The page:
author = "Miner, {Jonathan J.} and Daniels, {Brian P.} and Bimmi Shrestha and Proenca-Modena, {Jose L.} and Lew, {Erin D.} and Lazear, {Helen M.} and Gorman, {Matthew J.} and Greg Lemke and Klein, {Robyn S.} and Diamond, {Michael S.}",
year = "2015",
month = "12",
day = "1",
doi = "https://doi.org/10.1038/nm.3974",
language = "English (US)",
volume = "21",
pages = "1464--1472",
journal = "Nature Medicine",
issn = "1078-8956",
publisher = "Nature Publishing Group",
number = "12",

}

Miner, JJ, Daniels, BP, Shrestha, B, Proenca-Modena, JL, Lew, ED, Lazear, HM, Gorman, MJ, Lemke, G, Klein, RS & Diamond, MS 2015, 'The TAM receptor Mertk protects against neuroinvasive viral infection by maintaining blood-brain barrier integrity', Nature medicine, vol. 21, no. 12, pp. 1464-1472. https://doi.org/10.1038/nm.3974

The TAM receptor Mertk protects against neuroinvasive viral infection by maintaining blood-brain barrier integrity. / Miner, Jonathan J.; Daniels, Brian P.; Shrestha, Bimmi; Proenca-Modena, Jose L.; Lew, Erin D.; Lazear, Helen M.; Gorman, Matthew J.; Lemke, Greg; Klein, Robyn S.; Diamond, Michael S.

In: Nature medicine, Vol. 21, No. 12, 01.12.2015, p. 1464-1472.

Research output: Contribution to journalArticle

TY - JOUR

T1 - The TAM receptor Mertk protects against neuroinvasive viral infection by maintaining blood-brain barrier integrity

AU - Miner, Jonathan J.

AU - Daniels, Brian P.

AU - Shrestha, Bimmi

AU - Proenca-Modena, Jose L.

AU - Lew, Erin D.

AU - Lazear, Helen M.

AU - Gorman, Matthew J.

AU - Lemke, Greg

AU - Klein, Robyn S.

AU - Diamond, Michael S.

PY - 2015/12/1

Y1 - 2015/12/1

N2 - The TAM receptors Tyro3, Axl and Mertk are receptor tyrosine kinases that dampen host innate immune responses following engagement with their ligands Gas6 and Protein S, which recognize phosphatidylserine on apoptotic cells. In a form of apoptotic mimicry, many enveloped viruses display phosphatidylserine on the outer leaflet of their membranes, enabling TAM receptor activation and downregulation of antiviral responses. Accordingly, we hypothesized that a deficiency of TAM receptors would enhance antiviral responses and protect against viral infection. Unexpectedly, mice lacking Mertk and/or Axl, but not Tyro3, exhibited greater vulnerability to infection with neuroinvasive West Nile and La Crosse encephalitis viruses. This phenotype was associated with increased blood-brain barrier permeability, which enhanced virus entry into and infection of the brain. Activation of Mertk synergized with interferon-β to tighten cell junctions and prevent virus transit across brain microvascular endothelial cells. Because TAM receptors restrict pathogenesis of neuroinvasive viruses, these findings have implications for TAM antagonists that are currently in clinical development.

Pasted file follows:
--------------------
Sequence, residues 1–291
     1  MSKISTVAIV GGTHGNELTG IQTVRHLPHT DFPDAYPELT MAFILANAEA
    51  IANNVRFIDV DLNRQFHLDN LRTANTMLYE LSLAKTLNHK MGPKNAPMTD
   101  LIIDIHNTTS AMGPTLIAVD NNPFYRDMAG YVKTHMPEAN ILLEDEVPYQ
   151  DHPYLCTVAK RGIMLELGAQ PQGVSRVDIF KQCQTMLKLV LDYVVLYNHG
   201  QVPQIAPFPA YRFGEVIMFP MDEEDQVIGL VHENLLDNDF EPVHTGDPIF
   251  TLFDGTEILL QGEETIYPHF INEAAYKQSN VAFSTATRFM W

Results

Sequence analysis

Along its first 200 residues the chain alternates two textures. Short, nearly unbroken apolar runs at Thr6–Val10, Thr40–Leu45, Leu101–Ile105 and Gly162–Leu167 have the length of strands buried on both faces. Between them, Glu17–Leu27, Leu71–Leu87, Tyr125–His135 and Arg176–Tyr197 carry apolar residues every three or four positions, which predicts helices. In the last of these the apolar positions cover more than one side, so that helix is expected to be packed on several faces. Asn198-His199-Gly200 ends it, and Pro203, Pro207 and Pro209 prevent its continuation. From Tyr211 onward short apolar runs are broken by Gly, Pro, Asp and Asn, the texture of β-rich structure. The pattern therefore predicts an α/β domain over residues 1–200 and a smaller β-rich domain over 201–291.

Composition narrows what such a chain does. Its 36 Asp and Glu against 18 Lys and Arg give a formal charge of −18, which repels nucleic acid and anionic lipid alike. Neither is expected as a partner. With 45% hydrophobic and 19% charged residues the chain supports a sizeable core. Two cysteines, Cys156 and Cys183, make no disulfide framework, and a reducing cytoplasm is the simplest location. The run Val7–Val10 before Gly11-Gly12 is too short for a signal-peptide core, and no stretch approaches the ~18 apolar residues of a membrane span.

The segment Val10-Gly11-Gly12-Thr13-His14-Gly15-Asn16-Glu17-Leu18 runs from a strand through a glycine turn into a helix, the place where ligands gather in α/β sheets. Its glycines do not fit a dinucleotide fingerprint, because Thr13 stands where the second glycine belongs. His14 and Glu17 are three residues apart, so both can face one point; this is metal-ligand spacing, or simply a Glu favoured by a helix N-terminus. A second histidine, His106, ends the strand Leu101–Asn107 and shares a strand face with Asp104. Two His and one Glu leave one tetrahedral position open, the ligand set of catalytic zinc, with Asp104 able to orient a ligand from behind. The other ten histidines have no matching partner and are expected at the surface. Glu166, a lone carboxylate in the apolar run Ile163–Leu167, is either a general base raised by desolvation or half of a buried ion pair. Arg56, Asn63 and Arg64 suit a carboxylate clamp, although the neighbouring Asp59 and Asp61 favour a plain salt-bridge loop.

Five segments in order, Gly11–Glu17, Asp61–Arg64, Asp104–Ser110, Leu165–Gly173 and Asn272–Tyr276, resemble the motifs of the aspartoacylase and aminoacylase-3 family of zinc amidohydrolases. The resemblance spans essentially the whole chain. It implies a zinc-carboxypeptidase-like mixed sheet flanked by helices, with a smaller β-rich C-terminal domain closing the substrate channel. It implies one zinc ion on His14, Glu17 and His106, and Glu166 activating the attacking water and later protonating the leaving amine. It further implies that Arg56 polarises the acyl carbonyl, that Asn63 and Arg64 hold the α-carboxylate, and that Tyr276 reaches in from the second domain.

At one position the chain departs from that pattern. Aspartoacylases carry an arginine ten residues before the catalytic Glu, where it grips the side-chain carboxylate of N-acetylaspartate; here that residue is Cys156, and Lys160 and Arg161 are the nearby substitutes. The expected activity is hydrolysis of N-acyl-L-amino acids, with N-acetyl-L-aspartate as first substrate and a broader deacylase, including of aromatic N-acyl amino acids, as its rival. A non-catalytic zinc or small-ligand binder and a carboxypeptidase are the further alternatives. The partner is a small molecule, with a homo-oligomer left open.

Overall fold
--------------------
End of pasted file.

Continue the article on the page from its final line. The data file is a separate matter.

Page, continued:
AB - The TAM receptors Tyro3, Axl and Mertk are receptor tyrosine kinases that dampen host innate immune responses following engagement with their ligands Gas6 and Protein S, which recognize phosphatidylserine on apoptotic cells. In a form of apoptotic mimicry, many enveloped viruses display phosphatidylserine on the outer leaflet of their membranes, enabling TAM receptor activation and downregulation of antiviral responses. Accordingly, we hypothesized that a deficiency of TAM receptors would enhance antiviral responses and protect against viral infection. Unexpectedly, mice lacking Mertk and/or Axl, but not Tyro3, exhibited greater vulnerability to infection with neuroinvasive West Nile and La Crosse encephalitis viruses. This phenotype was associated with increased blood-brain barrier permeability, which enhanced virus entry into and infection of the brain. Activation of Mertk synergized with interferon-β to tighten cell junctions and prevent virus transit across brain microvascular endothelial cells. Because TAM receptors restrict pathogenesis of neuroinvasive viruses, these findings have implications for TAM antagonists that are currently in clinical development.

UR - http://www.scopus.com/inward/record.url?scp=84946956225&partnerID=8YFLogxK

UR - http://www.scopus.com/inward/citedby.url?scp=84946956225&partnerID=8YFLogxK

U2 - https://doi.org/10.1038/nm.3974

DO - https://doi.org/10.1038/nm.3974

M3 - Article

C2 - 26523970

VL - 21

SP - 1464

EP - 1472

JO - Nature Medicine

JF - Nature Medicine

SN - 1078-8956

IS - 12

ER -